On April 17, decentralized finance (DeFi) project Beanstalk Farms was mined for $182 million after an attacker staged a lightning-fast hostile takeover, buying a majority stake of tokens and voting immediately to send themselves all the funds.
The incident sparked a discussion of “governance attacks,” a way to manipulate blockchain projects that use decentralized governance structures by gaining enough voting rights to reform the rules.
In the aftermath of the attack, chat logs and video evidence show that the founders were warned about the risk of exactly this type of attack, but dismissed community members’ concerns.
The Beanstalk exploit was made possible by another DeFi mechanism known as “flash lending,” which allows users to borrow large amounts of cryptocurrency for very short periods of time. In the case of the recent hack, the attacker borrowed close to $1 billion in cryptocurrency assets. through a service called Aavehe exchanged them for a 67 percent stake in the Beanstalk project, voted through his own proposal to withdraw all of the treasure, and repaid the borrowed funds, all in less than 13 seconds.
Although the attack surprised Beanstalk users, some of whom claimed to have lost six-figure sums of money: the threat of a government attack was raised on Beanstalk’s Discord server months before Y in at least one public AMA session held by Publius, the development team behind the project.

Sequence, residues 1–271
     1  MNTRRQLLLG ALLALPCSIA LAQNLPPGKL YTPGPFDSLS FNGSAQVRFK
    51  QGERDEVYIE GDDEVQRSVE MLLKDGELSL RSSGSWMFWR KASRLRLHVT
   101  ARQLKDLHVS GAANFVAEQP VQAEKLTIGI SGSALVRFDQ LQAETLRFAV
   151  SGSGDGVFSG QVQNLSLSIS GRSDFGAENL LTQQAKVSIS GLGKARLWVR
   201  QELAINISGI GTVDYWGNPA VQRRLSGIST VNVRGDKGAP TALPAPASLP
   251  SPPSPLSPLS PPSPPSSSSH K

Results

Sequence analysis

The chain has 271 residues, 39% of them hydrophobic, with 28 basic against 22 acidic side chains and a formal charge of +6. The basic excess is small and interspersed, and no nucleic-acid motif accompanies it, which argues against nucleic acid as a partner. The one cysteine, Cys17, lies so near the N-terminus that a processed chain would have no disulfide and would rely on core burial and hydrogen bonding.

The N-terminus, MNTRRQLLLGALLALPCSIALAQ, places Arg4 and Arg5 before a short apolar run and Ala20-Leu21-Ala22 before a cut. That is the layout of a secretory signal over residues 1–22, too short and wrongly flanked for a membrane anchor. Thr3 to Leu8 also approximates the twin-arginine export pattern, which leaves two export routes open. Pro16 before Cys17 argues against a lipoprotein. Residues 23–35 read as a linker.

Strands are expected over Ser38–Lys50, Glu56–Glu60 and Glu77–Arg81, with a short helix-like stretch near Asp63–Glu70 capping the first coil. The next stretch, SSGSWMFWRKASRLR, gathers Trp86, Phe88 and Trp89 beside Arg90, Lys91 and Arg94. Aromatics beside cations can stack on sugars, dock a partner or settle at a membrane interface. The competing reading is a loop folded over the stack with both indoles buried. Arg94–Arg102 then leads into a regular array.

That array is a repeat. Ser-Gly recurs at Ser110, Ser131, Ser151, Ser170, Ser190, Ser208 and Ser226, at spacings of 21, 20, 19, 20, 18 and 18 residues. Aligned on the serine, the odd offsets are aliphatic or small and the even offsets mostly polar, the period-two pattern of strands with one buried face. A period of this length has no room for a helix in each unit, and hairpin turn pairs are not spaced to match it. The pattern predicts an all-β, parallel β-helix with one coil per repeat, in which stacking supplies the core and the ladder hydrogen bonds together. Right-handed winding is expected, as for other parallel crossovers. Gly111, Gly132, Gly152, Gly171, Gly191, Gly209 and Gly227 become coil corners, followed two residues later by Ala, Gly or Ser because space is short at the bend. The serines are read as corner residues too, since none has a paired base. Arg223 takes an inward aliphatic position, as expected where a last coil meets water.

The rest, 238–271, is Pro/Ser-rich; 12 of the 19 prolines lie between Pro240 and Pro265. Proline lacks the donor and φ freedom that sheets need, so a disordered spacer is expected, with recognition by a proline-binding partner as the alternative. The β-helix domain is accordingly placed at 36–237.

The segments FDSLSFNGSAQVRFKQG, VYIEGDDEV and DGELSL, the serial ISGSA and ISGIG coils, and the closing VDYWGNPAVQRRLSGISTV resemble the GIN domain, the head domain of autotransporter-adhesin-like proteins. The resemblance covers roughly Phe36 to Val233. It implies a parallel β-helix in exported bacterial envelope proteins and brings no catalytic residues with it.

On Feb. 12, in a discussion room focused on a proposal to accept more types of cryptocurrency tokens in the “Silo” (Beanstalk’s central fund pool), a user with the screen name Mr. Mochi wrote:
Due to attacks on governance, bribery and voter manipulation, governance does not always work as it should. Is this a risk that we are willing to take or will there also be an emergency DAO (such as Curve) that can block possible attacks?
They later added:
There are absolutely ways to mitigate some of this concern in an elegant way… As far as I can tell, the current rule set doesn’t account for flash loan government attacks or rugpull tokens.
In response to the comment, a Publius admin account wrote that such tampering “wasn’t a concern in any way until Stalk [governance token] it is liquid.”
A concern about flash loans was also raised at an AMA-style session organized by Publius on April 12, the video of which is available on YouTube. Around 6 minutes into the video, a participant asks via chat, “Can the team get into…why is the protocol not susceptible to flash loan attacks?”
In response, a Publius member discusses protections against price gouging through flash loans, but does not address the possibility of government attacks powered by flash loans.
With Beanstalk’s assets completely depleted by the attack, the project has launched a 10-day fundraiser to try to replace lost funds. Without the benefit of venture capital funding, the company lacks the kind of deep pockets that have helped other hacked protocols. back even bigger losses. But with the fate of the company at stake, the success of the fundraiser will largely depend on the community’s trust in the founding team not to make similar mistakes again.
Reached out via Discord, Publius had not responded to a request for comment at the time of publication.